Friday, March 04, 2005

A WORRYING REPORT today by the Associated Press, about the further terrorist campaign planned by the March 11 perpetrators for the weeks and months after the attacks. Apparently they were planning several suicide bombings à la palestinian, which were prevented only by the fact that they blew themselves up to prevent their arrest by police who were surrounding the apartment where they were barricading:
Islamic militants blamed for last year's commuter train bombings in Madrid were plotting more bloodshed a string of suicide attacks in the months after the massacre, Spain's counterterrorism director told The Associated Press on Thursday.

The revelation adds a chilling what-if element to Spain's national trauma as it prepares to mark the anniversary of the March 11 bombings, the country's worst-ever terrorist attack.

Fernando Reinares, the counterterrorism chief, said the militants most likely to have carried out such suicide attacks in Spain which would have been the first ever in Western Europe were seven men who blew themselves up April 3 as special forces moved in to arrest them.

"According to data collected so far, it can be deduced that those terrorists were probably planning suicide attacks in the months or weeks after" the train bombings, which killed 191 people and wounded more than 1,500, Reinares told AP.

Reinares said the information suggested "their terrorist campaign was not going to end on March 11, but was going to go on and include suicide attacks at a later stage.

The seven men who died in Leganes, a town outside Madrid, included suspected ringleaders of the train strikes, which were claimed in videotapes by militants who said they acted on behalf of al-Qaida in revenge for Spain's troop presence in Iraq.

At least five men are fugitives in the case, including one who escaped from the apartment in Leganes. Reinares gave no indication these men are considered suicide-attack risks."
They certainly look like risks to me...

AP continues with the most interesting part:
But Reinares said the plans for later suicide attacks showed that the Madrid train bombers were probably not interested in bringing down the conservative government then in power, which had supported the U.S.-led Iraq war, but rather wanted to go on causing bloodshed.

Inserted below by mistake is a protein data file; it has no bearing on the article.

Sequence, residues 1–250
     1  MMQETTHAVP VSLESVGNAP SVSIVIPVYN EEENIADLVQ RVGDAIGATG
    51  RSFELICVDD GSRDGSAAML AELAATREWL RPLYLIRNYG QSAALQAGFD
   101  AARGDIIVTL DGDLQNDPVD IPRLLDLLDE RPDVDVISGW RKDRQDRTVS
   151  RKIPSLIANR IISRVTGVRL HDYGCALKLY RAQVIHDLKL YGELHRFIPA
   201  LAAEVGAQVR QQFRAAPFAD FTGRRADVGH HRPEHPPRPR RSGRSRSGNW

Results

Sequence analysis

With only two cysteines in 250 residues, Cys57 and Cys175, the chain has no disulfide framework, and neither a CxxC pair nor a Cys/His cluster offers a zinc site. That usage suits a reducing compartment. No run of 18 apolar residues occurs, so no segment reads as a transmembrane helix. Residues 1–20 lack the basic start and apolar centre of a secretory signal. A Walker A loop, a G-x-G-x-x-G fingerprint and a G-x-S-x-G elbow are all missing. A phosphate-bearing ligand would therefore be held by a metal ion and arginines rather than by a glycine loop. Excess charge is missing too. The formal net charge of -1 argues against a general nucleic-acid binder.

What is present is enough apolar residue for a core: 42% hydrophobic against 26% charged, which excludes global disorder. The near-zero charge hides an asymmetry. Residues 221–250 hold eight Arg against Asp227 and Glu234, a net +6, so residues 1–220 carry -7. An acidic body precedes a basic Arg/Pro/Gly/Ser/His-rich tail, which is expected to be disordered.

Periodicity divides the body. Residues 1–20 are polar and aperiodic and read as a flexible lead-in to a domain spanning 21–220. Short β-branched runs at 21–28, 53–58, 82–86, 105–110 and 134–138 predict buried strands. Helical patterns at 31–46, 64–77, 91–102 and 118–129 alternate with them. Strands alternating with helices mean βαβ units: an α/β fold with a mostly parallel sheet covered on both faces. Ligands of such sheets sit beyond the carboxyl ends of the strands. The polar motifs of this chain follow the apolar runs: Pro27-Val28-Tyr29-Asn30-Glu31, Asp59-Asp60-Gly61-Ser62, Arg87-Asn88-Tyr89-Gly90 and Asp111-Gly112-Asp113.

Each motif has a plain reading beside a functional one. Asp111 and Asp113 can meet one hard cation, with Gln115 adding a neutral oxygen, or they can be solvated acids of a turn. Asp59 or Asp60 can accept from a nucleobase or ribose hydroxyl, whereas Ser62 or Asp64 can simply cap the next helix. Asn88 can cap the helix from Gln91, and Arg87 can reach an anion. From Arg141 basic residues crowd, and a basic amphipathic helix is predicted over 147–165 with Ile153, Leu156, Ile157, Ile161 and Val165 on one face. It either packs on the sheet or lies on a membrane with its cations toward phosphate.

Former Prime Minister Jose Maria Aznar and his party have insisted the bombing three days before a general election was tantamount to a surgical strike against his government, which had defied public opinion by supporting the Iraq war and sending 1,300 peacekeepers after President Bush declared an end to major fighting.

The Socialists, who had opposed the war, won election and took power in April. They quickly brought troops home but insisted it was to keep a campaign pledge, not to cave in to terrorists.

Reinares said information about the Madrid bombers' suicide attack plans was featured in a new book by a Spanish investigative reporter, but the information wasn't carried in the mainstream Spanish media.
Apparently, Reinares (just to make it clear, a member of Zapatero's administration) hasn't heard about the notorious al-Qaeda document which said:
Therefore we say that in order to force the Spanish government to withdraw from Iraq the resistance should deal painful blows to its forces. This should be accompanied by an information campaign clarifying the truth of the matter inside Iraq. It is necessary to make utmost use of the upcoming general election in Spain in March next year.

We think that the Spanish government could not tolerate more than two, maximum three blows, after which it will have to withdraw as a result of popular pressure. If its troops still remain in Iraq after these blows, then the victory of the Socialist Party is almost secured, and the withdrawal of the Spanish forces will be on its electoral programme.
But in any event, if it were true that the terrorists' interest was not to bring down Aznar's government, by the same logic, it would be untrue that the "bombs in Iraq blow off in Madrid", which was the main slogan in the demonstrations across Spain the day after the bombings, and ultimately the underlying logic exploited by the Socialist party and its media terminals which brought their electoral victory on March 14. Maybe that's what explains AP's puzzlement at the fact that no MSM has picked up the story in Spain (which is true; I don't remember having seen anything, and so far Google News returns only one result, from today's Miami Herald).

Well, something else explains the phenomenon: that with no coverage, it's possible to antesthesize the populace and make it think that by pulling the troops from Iraq, the country is safe thanks to our Great Leader Zapatero. Alas, it is far from being safe.